DUAL Hepburn premiership ruckman Salesi Uhi wants to thank his club and the region's extended football community in helping to make a life-saving play for his daughter.
Extensive fundraising allowed the family to move to Seattle for Violet to access a rare form of immunotherapy to tackle her leukaemia. The Uhi family arrived home with Violet in remission just before Christmas after almost six months' treatment in the United States.
The youngster is nearing another major milestone, getting stronger on day 21 post-bone marrow transplant in the Royal Children's Hospital in Melbourne on Tuesday. Mr Uhi said specialists were hopeful that, excepting any health setbacks, Violet might be able to return home by day 30.
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Mr Uhi and wife Tess, who are based in Melbourne, said getting to the US would not have been possible without all the love and support.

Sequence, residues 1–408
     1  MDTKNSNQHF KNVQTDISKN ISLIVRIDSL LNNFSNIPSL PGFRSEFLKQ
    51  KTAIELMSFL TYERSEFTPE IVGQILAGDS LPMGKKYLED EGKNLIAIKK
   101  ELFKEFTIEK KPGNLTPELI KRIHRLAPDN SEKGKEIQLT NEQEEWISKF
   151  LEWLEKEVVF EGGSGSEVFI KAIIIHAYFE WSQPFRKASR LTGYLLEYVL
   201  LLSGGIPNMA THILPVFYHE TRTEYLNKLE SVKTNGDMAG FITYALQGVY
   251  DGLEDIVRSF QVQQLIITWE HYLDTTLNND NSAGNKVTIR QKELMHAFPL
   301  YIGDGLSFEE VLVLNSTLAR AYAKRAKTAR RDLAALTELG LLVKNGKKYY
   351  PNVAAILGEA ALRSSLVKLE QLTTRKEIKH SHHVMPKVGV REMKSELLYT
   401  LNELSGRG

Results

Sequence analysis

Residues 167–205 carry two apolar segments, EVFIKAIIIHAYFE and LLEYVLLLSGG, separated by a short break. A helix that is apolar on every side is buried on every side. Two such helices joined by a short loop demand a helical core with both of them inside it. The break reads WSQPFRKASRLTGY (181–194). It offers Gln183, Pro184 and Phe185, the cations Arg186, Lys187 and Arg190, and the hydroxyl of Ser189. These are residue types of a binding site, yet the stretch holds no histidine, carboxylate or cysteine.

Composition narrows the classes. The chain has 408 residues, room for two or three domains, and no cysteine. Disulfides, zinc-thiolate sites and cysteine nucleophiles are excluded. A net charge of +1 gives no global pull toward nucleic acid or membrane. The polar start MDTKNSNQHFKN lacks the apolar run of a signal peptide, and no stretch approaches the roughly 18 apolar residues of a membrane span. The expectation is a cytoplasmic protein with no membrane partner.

"Overall, the experience in Seattle was great because Violet was feeling really well and with minimal side-effects...(the treatment) put her in good preparation for the bone marrow transplant," Mr Uhi said. "
She only had a very mild headache then a fever that landed her in hospital for two nights, but otherwise everything was done as an outpatient.
"We could be tourists a little when Violet was well enough to be in crowds."
Mr Uhi said it was still early days in Violet's transplant recovery but she was through the worst stages and handling treatment and isolation "like a pro".
Violet had twice relapsed with leukaemia, each time affecting her central nervous system not her bone marrow and this limited her treatment options in Australia.
CAR T therapy, a form of immunotherapy, works to target and kill the disease in her body allowing the good T-cells to re-populate.
Since the Uhi's return, government approval has made the rare treatment available in Melbourne but going to Seattle was the family's best option mid-last year.
Bone marrow transplant was the next step.
Violent will remain in isolation when she returns home. All going well, Violet can re-join school at day 100 post-transplant.
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